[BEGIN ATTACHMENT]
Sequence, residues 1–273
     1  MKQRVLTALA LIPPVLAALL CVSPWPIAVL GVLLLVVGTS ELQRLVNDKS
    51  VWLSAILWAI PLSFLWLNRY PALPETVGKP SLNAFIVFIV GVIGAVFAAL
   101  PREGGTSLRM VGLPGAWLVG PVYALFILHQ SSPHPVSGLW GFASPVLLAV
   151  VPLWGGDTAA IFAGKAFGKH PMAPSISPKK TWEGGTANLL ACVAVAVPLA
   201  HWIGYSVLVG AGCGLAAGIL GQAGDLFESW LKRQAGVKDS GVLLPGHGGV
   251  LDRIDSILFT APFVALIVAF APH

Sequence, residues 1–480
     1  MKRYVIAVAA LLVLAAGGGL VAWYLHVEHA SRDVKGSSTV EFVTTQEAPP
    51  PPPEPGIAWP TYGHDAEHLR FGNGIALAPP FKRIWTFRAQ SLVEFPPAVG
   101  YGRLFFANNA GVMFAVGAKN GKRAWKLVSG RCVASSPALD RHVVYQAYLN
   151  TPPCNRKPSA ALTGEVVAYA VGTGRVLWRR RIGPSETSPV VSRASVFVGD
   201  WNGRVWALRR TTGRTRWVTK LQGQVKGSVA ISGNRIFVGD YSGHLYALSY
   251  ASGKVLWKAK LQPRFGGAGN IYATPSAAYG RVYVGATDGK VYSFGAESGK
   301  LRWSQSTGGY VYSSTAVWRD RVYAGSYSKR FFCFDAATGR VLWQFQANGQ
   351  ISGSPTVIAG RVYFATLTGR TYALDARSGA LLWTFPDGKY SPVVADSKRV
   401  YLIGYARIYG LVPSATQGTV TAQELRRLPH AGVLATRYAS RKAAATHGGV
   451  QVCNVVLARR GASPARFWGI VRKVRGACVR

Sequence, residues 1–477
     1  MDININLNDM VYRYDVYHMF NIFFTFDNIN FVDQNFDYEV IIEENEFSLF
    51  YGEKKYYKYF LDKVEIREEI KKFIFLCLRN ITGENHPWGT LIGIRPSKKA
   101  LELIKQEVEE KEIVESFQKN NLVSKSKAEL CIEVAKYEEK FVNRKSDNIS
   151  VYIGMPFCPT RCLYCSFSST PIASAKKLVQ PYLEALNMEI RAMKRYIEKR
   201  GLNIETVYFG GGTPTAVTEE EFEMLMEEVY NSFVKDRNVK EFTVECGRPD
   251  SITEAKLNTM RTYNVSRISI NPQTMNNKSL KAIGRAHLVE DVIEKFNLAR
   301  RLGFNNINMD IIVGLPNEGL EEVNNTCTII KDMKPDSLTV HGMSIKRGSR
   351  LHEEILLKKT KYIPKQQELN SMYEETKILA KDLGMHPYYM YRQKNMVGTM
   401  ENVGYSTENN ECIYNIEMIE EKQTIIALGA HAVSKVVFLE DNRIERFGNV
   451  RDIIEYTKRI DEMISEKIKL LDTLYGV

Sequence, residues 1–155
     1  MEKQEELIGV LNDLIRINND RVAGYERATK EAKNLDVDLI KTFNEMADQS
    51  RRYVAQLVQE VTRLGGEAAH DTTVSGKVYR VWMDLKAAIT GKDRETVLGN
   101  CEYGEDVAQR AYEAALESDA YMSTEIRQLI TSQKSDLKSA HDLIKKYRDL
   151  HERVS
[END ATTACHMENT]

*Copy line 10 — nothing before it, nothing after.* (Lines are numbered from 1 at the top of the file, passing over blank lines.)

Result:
    51  PPPEPGIAWP TYGHDAEHLR FGNGIALAPP FKRIWTFRAQ SLVEFPPAVG